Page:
So if anyone tells me in 2019 that they “can’t make it”, I burst out into uncontrollable laughter.  With the tools of reaching the world that are freely available to everyone and the fact you can do this sitting on your butt, there are NO excuses anymore.  Excuses are for losers.

I wanted to spend some time talking about the mindset that you need to have to succeed with my teachings.  Because the teachings are not rocket science, if you could see things the way I see them.  And I see them because of a combination of a positive mental attitude, an embracement of problem solving, and an appetite to seek out opportunities.  That all comes from having the right mindset that must first be cultivated.  

It’s possible you already have that mindset.  I hope that is the case.  Maybe those that are driven to my message have that, but I can honestly say there are a huge percentage of people out there that are meandering through life, wandering into the woods, and they are victims waiting to happen.  They go on Twitter or Facebook or whatever and they whine that life didn’t give them what the rich people have.  Or that it is impossible on salary X to be financially independent.  Or that the world or the govt is out to get them and they can never succeed.

If you are one of those people, or have ever posted some sort of negative tale of yourself, stop it now.  You expend as much energy whining about things as you could spend on solving them if you have the right mindset.  We need to create a society of excited, happy, proud and infectious problem solvers.  Not depressed, down in the dumps “It will never happen for me” people.  Your mindset is defining your own outcome here.  If you believe you can’t do something, you sure as hell will never do it.  Yet our media, our leaders and our peers send us that negative message that we are not worth it, or we can never be president or that we will never have what the 1% have, etc.  This is all lies.  The sooner you wake up to that, the faster you will get your freedom back.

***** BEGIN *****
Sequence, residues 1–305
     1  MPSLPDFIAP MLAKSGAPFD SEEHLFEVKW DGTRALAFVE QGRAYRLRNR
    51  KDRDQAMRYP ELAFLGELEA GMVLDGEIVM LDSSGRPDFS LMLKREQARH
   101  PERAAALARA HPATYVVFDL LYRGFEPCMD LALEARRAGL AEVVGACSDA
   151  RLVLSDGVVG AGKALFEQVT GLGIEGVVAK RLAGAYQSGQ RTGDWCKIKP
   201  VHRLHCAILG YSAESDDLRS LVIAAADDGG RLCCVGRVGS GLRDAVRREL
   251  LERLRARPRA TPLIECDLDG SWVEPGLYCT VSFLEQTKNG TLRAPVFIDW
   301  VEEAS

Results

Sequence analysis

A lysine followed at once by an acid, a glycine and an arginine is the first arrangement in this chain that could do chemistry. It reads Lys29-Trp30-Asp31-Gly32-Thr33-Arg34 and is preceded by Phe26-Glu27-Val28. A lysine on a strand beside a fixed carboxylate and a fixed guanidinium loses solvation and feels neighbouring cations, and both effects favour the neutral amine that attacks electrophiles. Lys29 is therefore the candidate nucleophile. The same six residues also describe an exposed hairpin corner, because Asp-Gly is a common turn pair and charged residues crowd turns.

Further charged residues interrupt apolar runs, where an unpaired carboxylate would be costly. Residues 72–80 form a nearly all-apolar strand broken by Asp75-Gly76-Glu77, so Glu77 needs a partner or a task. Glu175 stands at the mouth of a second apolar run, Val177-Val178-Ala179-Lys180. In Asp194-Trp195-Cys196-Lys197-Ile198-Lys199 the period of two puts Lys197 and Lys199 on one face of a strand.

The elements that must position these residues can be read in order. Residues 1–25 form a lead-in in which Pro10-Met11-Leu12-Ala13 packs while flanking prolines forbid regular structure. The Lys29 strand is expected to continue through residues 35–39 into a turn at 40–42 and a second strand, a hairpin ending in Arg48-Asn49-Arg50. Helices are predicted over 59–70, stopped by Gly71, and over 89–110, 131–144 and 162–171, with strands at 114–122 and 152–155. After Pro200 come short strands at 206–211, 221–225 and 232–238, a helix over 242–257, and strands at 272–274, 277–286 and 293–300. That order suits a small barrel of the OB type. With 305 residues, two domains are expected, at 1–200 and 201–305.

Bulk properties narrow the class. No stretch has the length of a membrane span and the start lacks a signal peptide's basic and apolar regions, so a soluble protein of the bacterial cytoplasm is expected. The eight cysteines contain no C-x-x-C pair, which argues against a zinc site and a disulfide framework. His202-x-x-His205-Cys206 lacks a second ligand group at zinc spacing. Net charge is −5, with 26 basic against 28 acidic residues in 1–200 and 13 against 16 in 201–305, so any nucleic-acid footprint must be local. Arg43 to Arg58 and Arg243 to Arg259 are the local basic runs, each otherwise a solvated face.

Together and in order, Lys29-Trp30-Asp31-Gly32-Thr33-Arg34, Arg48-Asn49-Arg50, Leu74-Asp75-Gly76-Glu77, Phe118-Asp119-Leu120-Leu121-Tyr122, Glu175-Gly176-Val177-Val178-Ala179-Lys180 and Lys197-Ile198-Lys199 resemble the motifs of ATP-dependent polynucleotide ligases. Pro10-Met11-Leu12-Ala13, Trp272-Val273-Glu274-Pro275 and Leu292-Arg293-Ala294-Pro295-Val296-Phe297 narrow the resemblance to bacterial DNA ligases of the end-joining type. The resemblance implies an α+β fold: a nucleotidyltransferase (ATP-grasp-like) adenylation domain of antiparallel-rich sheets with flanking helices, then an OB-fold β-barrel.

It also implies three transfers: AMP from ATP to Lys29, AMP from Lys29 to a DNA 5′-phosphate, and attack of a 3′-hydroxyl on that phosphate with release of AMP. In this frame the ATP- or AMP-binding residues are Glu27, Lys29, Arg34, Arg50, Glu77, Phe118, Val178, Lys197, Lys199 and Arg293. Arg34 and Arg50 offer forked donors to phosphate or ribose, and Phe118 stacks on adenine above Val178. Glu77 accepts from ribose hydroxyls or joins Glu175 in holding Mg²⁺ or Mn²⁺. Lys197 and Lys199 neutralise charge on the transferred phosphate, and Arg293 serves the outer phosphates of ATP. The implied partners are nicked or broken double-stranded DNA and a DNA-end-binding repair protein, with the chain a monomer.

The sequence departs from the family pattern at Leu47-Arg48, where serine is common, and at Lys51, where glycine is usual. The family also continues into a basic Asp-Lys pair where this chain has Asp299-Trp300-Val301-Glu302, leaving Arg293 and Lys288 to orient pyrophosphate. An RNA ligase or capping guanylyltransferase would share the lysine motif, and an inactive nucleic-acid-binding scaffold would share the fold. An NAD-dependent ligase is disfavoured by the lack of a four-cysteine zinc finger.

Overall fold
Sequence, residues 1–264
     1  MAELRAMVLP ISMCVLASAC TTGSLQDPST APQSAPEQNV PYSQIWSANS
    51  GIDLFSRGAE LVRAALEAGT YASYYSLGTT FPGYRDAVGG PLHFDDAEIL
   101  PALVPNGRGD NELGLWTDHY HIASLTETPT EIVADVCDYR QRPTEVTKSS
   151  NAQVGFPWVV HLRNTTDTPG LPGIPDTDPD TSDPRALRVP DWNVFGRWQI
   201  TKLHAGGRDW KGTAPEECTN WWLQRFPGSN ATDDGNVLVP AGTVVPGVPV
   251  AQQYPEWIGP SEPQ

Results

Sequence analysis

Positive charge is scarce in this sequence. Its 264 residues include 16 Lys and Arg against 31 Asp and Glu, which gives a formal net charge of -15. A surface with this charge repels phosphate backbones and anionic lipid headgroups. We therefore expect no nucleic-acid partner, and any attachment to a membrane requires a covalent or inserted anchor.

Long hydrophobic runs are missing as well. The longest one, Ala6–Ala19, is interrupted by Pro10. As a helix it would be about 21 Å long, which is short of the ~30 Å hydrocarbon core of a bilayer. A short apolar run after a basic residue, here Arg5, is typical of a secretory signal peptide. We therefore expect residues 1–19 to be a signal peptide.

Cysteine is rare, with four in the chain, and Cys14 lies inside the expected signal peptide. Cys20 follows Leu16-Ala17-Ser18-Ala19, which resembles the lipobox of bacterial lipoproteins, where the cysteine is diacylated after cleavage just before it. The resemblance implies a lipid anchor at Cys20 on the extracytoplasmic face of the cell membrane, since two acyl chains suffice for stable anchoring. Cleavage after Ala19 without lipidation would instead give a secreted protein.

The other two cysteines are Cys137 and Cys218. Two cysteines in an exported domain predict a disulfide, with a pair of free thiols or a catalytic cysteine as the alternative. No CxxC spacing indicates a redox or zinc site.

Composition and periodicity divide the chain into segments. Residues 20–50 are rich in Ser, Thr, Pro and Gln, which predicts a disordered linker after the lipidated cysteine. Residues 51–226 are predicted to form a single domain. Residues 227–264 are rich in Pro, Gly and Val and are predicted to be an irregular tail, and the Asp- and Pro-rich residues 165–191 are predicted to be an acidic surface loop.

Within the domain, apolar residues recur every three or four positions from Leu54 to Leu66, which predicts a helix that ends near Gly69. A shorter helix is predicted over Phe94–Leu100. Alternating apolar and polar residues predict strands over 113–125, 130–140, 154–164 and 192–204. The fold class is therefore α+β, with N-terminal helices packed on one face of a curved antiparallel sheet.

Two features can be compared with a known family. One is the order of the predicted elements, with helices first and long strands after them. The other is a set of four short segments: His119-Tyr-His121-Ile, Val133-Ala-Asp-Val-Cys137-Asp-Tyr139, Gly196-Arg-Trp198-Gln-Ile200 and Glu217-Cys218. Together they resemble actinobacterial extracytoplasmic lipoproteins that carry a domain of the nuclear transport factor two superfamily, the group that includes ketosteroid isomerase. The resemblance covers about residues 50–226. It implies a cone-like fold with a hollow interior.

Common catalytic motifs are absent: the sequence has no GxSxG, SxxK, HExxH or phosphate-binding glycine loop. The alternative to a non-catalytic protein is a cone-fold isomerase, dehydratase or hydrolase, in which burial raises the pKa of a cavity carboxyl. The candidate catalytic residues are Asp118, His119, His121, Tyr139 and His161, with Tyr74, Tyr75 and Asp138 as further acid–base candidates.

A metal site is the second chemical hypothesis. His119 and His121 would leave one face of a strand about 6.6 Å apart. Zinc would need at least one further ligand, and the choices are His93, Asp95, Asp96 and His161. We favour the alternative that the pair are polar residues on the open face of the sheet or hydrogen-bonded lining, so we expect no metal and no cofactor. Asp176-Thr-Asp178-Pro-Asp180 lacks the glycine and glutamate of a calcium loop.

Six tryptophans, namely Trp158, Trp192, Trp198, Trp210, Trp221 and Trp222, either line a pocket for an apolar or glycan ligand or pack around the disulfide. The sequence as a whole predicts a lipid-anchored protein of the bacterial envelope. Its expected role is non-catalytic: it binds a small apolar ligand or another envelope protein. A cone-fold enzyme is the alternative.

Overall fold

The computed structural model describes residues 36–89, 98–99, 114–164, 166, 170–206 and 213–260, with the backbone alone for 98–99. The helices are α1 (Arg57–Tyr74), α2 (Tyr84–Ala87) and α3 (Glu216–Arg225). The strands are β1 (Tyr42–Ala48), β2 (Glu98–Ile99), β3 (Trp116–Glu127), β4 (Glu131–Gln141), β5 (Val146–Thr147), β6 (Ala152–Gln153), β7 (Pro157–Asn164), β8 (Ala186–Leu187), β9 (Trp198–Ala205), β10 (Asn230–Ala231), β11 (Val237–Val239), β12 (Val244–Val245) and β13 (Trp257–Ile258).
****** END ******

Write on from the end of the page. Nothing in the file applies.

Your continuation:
I hate to tell you this, but life is about struggle and suffering.  And that each of us have a responsibility to transcend that and make the world a better place.  And you start with YOU.  Yes, YOU.  Like they say on the airplane safety speech, if the oxygen masks fall from the ceiling, you put YOURS on first before you try and help those around you.  That’s how you must approach becoming unconstrained.  It starts with you and your mind.

There is an excellent Jordan Peterson video on this that you should watch https://www.youtube.com/watch?v=wLvd_ZbX1w0  He talks about the fact that we humans have created things that work is a miracle and we should all have some humility for those that have come before us and done things that are just amazing.  And that we must must attempt to better our own lives in order to better the world as a whole.  I believe entirely in that approach.  But it is really hard to do good things in the world if you have no money, no time, no freedom, no tools.  You may as well just give up before you start.